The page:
A tender lamb can endure so little, but the Shepherd will not permit it to be harmed ...
St. Elizabeth Ann Seton, the first native-born American saint, lived an intense and exciting life, filled with trials and challenges.
As a convert to Catholicism, she had to swim against the tide, even in her own family, as there were many who opposed her conversion.
However, through her testimony, she also was a channel of grace to others. One who benefited from her ministry was her young sister-in-law, Cecilia, who eventually converted to Catholicism through Elizabeth’s guidance (and despite opposition).
An excerpt of an 1808 letter from Elizabeth to Cecilia provides for us a meditation about how we are cared for in adversity. (We’ve retained Elizabeth’s characteristic writing style and punctuation.) Next time you feel that you are struggling to do what is right, remember that it is God who fights for you!
Yes my Cecilia favored of Heaven, Associate of Angels, beloved Child of Jesus – You shall have the Victory, and he the Glory. To him be glory forever who has called you to so glorious a combat, and so tenderly supports you through it. You will triumph, for it is Jesus who fights – not you my dear one – Oh no – Young and timid, weak, and irresolute, the Lamb could not stem a torrent, nor stand the beating storm – but the tender Shepherd takes it on his shoulder, casts his cloak about it, and the happy trembler finds itself at home before it knew its journey was half finished – and so my dear one it will be with you,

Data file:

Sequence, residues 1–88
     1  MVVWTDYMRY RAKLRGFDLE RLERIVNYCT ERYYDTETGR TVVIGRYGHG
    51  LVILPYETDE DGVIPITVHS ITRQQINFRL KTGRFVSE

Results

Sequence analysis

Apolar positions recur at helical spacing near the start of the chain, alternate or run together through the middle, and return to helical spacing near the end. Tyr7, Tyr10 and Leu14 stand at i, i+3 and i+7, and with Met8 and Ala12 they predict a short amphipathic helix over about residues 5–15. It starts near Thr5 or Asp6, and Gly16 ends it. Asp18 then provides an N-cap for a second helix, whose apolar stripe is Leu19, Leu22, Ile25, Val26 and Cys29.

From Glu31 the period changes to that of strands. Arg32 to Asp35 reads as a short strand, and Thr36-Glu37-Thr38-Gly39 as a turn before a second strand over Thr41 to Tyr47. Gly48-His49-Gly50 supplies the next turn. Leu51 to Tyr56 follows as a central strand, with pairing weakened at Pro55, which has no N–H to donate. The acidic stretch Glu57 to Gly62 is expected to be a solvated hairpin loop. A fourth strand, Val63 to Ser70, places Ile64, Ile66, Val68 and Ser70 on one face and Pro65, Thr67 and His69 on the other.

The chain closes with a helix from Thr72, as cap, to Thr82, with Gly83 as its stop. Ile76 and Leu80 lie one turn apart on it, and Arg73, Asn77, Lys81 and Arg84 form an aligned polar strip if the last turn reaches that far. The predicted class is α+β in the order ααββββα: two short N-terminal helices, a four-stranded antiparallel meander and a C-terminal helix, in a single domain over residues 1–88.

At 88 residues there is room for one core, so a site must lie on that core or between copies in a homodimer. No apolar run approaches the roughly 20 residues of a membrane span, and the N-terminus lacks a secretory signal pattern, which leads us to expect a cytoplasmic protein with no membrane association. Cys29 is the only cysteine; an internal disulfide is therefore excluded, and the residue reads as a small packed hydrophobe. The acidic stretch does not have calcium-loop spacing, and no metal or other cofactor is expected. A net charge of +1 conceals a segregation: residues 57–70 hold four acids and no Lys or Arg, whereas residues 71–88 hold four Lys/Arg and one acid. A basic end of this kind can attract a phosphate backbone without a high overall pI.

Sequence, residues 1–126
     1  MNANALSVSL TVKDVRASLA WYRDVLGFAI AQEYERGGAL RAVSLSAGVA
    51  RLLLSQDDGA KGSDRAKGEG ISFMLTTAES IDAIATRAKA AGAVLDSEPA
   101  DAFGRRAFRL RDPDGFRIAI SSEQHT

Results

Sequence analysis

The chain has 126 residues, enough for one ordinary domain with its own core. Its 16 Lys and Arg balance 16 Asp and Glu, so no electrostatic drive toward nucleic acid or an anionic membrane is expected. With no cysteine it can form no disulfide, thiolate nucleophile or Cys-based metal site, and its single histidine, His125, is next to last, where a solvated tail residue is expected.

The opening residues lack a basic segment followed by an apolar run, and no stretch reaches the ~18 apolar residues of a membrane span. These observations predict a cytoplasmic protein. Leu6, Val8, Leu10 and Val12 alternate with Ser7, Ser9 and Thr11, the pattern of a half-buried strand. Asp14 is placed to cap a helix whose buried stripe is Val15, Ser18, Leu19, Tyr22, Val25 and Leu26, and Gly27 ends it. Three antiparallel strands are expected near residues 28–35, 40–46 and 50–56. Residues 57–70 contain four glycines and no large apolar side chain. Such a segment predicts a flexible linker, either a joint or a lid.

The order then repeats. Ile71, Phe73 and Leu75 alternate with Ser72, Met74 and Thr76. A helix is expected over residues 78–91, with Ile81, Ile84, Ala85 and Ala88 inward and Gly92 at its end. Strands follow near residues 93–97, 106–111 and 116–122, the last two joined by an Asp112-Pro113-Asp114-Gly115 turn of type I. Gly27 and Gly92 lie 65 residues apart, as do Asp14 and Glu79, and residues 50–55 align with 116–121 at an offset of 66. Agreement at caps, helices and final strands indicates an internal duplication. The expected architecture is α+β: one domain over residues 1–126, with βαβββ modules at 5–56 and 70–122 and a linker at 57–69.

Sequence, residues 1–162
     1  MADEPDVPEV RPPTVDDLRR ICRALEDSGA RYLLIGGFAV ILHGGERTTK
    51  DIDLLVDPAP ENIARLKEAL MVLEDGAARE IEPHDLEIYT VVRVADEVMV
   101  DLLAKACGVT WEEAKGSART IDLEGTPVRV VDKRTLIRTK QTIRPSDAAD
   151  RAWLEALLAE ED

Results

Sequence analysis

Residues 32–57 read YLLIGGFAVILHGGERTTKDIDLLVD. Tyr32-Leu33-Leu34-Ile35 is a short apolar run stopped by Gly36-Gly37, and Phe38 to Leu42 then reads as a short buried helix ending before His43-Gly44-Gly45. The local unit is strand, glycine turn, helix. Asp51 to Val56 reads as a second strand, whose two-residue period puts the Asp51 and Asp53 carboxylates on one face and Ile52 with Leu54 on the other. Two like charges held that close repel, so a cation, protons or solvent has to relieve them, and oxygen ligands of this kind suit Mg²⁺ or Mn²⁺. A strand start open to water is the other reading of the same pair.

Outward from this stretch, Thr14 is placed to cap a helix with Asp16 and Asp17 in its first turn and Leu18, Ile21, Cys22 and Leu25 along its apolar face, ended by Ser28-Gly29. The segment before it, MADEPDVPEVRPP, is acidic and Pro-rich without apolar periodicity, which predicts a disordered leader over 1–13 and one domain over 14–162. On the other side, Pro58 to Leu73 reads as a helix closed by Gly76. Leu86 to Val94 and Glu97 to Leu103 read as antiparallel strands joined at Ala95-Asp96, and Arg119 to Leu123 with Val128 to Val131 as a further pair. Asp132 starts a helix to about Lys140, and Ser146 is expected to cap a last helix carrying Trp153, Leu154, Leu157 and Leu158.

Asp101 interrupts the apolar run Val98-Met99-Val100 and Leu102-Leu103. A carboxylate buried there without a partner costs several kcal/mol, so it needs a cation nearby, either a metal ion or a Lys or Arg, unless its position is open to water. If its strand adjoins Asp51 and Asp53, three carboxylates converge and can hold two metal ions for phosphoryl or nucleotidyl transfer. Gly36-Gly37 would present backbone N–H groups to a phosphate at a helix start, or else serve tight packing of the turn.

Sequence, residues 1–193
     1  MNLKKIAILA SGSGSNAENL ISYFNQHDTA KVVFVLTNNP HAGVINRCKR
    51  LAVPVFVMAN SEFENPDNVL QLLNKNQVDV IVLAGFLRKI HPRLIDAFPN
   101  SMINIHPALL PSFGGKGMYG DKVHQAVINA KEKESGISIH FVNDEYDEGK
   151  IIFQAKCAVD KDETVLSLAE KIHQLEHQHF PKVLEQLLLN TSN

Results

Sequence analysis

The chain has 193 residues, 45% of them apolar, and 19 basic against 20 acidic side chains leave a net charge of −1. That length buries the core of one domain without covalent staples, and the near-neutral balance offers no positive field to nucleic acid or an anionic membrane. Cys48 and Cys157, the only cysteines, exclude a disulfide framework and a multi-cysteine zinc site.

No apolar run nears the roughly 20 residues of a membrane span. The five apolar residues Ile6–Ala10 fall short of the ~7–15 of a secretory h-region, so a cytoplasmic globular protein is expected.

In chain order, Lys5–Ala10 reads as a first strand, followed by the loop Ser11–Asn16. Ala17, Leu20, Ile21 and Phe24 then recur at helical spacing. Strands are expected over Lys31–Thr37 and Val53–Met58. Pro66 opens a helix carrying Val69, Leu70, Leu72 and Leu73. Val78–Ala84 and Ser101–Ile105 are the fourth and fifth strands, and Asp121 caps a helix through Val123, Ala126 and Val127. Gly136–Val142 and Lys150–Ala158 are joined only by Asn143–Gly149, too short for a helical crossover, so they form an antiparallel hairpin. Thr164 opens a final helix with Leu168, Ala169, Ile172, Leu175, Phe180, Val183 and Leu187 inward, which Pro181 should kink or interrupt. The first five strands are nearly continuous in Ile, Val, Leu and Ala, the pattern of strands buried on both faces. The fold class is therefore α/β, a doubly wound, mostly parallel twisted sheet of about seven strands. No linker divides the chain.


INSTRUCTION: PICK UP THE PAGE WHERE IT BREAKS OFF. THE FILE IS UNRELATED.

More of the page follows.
He will not leave you one moment, nor suffer the least harm to approach you/ not one tear shall fall to the ground nor one sigh of love be lost – happy, happy child – and if you are not removed to the sheltering fold that awaits you, he will make you one in his own bosom until your task is done – happy happy child, how sweet must be your converse with that divine Spirit which puts in your heart, yet so inexperienced, so untutored [in] the Science of the Saints-how must those blessed beings rejoice over you while walking so steadfastly in their paths, and their Sufferings …